Issue 48 - December 15, 2008


An Old Fashioned Swindle

Bernard Madoff was arrested late last week, accused of masterminding the single largest fraud in US history (bigger than Enron and bigger than WorldCom). Mr. Madoff apparently employed a strategy known as a Ponzi scheme, named after Charles Ponzi, an early 20th century figure, where one simply uses the principal of one investor to pay the return of another. As long as new assets are coming in the door, it would be theoretically possible to pursue such a plan for a long time. The trouble comes when investors want their money back, which is precisely what ended the fraud.

Who, What, Why, & How

Bernard Madoff has been a fixture of Wall Street for over 50 years. He is a former chairman of NASDAQ and the founder and owner of the eponymous securities firm. His reputation placed him above suspicion.

In addition to the securities firm, Bernie Madoff ran an investment advisory practice which for years promised and delivered on a stunningly consistent investment strategy. His clients where known to refer to his fund’s return as “Bernie’s Bonds”. He claimed to the public to be employing a highly volatile strategy known as a “Split strike conversion”, yet remarkably churned out nothing but uncannily consistent results. His unregistered fund became the darling of his many long time and wealthy friends and also of the broad hedge fund community who prized his purported consistency apparently above sufficient due diligence. Despite numerous warnings, the fraud was never detected until he simply ran out of money to meet a wave of redemptions.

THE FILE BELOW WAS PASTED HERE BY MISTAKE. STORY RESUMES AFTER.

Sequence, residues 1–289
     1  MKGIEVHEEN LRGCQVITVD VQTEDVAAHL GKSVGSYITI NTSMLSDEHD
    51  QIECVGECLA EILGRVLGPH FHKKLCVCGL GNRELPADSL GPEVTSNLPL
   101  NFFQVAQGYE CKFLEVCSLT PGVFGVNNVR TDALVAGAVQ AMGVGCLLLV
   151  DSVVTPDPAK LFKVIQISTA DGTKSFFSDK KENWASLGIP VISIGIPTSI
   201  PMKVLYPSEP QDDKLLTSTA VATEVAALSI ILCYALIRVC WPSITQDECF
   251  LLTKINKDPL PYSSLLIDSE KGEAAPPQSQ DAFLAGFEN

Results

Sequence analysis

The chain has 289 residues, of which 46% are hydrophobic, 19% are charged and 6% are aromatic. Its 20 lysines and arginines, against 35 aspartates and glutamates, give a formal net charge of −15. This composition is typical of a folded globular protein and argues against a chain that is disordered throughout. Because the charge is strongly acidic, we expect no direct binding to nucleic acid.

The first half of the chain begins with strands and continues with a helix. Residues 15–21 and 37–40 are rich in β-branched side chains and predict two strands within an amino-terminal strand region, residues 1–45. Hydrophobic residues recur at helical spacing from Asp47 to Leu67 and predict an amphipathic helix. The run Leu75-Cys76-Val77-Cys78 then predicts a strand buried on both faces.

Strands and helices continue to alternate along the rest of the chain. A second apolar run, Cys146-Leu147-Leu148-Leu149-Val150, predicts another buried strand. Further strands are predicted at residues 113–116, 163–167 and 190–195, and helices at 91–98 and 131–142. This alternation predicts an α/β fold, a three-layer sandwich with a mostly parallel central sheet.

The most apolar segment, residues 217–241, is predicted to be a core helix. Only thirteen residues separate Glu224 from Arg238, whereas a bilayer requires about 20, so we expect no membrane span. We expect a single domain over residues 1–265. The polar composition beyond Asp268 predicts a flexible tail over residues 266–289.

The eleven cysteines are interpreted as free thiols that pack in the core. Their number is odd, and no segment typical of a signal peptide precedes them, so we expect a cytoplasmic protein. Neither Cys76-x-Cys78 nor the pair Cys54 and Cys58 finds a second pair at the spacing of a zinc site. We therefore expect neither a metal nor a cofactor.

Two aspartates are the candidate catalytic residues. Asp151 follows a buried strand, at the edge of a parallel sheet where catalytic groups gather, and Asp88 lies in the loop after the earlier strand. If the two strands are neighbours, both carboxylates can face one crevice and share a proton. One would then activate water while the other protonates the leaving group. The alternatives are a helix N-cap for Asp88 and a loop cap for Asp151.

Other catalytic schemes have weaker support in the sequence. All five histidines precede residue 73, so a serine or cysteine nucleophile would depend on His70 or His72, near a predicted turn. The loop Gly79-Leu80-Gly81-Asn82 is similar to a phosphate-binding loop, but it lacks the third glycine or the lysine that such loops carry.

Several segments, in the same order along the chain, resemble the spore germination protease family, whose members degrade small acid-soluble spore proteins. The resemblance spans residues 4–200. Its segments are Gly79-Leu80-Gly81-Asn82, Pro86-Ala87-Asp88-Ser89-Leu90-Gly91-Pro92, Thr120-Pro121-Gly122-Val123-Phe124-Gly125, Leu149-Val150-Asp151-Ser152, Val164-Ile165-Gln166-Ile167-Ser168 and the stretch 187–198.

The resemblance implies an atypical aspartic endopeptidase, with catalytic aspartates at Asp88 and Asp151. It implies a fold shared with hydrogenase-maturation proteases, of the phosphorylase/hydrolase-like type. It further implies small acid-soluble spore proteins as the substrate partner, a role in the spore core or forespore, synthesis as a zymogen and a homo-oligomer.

The Lure

While we do not know the exact duration or mechanics of the fraud it seems safe to say that it had been going on for some time. In 1992, two Florida CPA’s collected funds from investors with the promise of returns of 13%-20%. The manager was Bernie Madoff. The SEC investigated at that time and found all funds to be accounted for. As a current day hedge fund, there is no requirement to register with the Securities and Exchange Commission. Madoff did register in 2006 but he was never examined. Investing in alternatives had promised the myth of absolute returns. No matter the conditions, these managers claimed consistent, uncorrelated, positive returns. And Bernie Madoff was simply doing his part.